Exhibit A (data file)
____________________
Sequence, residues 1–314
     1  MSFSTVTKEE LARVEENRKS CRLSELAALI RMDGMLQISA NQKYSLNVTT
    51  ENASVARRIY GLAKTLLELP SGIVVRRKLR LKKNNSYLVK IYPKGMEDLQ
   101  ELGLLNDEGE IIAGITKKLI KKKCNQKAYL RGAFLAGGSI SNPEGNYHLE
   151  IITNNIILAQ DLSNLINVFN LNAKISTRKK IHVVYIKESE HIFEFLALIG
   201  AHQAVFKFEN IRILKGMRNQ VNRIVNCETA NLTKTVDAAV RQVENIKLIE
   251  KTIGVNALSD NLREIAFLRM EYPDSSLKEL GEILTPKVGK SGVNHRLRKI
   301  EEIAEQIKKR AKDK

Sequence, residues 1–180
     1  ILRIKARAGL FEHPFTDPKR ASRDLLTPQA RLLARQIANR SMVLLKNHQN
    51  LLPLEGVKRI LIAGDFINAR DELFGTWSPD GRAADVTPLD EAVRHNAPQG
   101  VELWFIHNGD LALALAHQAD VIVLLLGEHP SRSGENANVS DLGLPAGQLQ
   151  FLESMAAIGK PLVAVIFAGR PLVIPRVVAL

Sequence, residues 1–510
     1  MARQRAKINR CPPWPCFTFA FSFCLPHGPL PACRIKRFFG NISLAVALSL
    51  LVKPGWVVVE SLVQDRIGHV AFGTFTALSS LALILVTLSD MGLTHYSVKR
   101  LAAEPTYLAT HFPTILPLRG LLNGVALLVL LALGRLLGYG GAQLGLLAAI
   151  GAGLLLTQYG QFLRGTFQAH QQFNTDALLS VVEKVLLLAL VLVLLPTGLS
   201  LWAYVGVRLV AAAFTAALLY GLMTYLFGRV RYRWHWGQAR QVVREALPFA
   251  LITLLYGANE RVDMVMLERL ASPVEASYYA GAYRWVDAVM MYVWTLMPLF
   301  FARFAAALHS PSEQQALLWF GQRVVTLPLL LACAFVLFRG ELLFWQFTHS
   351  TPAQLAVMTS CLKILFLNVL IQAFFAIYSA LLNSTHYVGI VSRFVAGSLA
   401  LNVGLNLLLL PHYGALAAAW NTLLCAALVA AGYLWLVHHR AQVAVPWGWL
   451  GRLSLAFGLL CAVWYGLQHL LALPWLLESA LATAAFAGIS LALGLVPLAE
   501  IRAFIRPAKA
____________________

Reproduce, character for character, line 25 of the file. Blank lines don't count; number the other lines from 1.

   501  IRAFIRPAKA